The U.S. Senate has passed a major cybersecurity bill backed by business groups after rejecting amendments that sought to enhance its privacy protections.
The Cybersecurity Information Sharing Act (CISA) shields companies from liability for sharing cyber-threat data with the federal government. The Senate voted 74-21 in favor of the bill, which is designed to stem the rising tide of corporate data breaches and now must be reconciled with legislation passed earlier this year by the House.
“We are hopeful that the Senate and House can work together expeditiously to send cybersecurity legislation to the president’s desk,” said Lisa Monaco, assistant to President Barack Obama for homeland security and counterterrorism.
The Senate vote was a setback for privacy activists, who believe CISA is a backdoor surveillance bill that benefits the intelligence community. The law allows the Department of Homeland Security to share information gathered in the program with other government agencies, such as the FBI or the National Security Agency.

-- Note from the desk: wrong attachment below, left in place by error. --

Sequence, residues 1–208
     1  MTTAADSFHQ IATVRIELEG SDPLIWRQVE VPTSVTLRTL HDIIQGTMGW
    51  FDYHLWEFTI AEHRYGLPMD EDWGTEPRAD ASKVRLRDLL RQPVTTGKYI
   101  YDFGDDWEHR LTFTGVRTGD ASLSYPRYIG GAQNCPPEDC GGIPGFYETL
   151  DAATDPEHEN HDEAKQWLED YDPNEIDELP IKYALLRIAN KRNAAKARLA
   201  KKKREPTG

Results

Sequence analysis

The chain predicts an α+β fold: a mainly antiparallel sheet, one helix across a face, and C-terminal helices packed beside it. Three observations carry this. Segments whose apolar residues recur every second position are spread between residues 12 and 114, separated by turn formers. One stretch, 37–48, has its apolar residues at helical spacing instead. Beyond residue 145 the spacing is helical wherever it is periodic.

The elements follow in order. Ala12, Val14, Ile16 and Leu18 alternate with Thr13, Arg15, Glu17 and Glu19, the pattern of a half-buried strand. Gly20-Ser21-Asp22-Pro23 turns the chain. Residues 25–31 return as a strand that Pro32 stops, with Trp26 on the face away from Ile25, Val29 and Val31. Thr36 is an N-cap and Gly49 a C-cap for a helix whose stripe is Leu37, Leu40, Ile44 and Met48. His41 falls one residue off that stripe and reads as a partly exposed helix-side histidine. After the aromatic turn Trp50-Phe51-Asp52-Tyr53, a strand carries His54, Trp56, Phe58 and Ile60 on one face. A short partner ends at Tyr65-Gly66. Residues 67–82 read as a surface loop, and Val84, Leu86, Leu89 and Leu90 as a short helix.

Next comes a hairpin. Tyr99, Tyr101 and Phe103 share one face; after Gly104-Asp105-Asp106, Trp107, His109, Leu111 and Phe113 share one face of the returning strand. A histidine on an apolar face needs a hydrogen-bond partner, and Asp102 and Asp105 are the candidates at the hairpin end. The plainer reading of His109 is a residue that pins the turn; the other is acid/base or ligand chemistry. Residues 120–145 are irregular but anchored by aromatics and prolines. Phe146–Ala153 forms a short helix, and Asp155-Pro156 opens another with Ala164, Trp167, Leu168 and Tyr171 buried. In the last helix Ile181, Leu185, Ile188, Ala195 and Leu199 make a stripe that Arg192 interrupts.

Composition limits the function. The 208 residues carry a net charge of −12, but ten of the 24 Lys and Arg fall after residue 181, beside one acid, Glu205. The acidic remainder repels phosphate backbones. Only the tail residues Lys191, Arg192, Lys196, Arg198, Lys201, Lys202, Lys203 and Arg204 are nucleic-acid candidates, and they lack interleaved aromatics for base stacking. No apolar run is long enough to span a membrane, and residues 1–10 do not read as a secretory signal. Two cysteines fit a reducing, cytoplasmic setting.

“The incentive and the framework it creates is for companies to quickly and massively collect user information and ship it to the government,” Mark Jaycox, a legislative analyst for the civil liberties group the Electronic Frontier Foundation, told Wired. “As soon as you do, you obtain broad immunity, even if you’ve violated privacy law.”
Before passing the bill, senators rejected amendments that would have narrowed the definition of “cybersecurity threat” and require more stringent reviews by companies to remove personal information before sharing data with the government.
CISA’s supporters argue that critics’ privacy concerns are misunderstandings, pointing out that the corporate information-sharing is voluntary.
According to Wired, the latest form of CISA is less privacy-protective than the version of the bill known as the Protecting Cyber Networks Act that passed the House Intelligence Committee in March.